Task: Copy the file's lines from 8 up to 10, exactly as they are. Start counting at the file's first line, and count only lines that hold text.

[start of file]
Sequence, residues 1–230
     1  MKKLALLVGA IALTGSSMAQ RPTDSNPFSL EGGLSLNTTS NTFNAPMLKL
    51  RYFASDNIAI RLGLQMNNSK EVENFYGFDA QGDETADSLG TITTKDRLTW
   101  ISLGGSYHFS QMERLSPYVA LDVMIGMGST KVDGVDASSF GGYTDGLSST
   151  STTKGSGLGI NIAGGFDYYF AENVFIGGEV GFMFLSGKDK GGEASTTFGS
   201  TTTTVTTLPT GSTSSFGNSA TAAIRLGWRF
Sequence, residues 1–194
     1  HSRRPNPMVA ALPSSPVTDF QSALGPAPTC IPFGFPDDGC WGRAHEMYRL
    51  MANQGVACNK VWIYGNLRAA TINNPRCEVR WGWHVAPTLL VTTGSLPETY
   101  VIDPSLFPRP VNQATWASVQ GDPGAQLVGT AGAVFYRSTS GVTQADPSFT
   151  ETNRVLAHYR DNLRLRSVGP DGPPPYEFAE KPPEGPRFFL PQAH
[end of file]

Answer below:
     1  HSRRPNPMVA ALPSSPVTDF QSALGPAPTC IPFGFPDDGC WGRAHEMYRL
    51  MANQGVACNK VWIYGNLRAA TINNPRCEVR WGWHVAPTLL VTTGSLPETY
   101  VIDPSLFPRP VNQATWASVQ GDPGAQLVGT AGAVFYRSTS GVTQADPSFT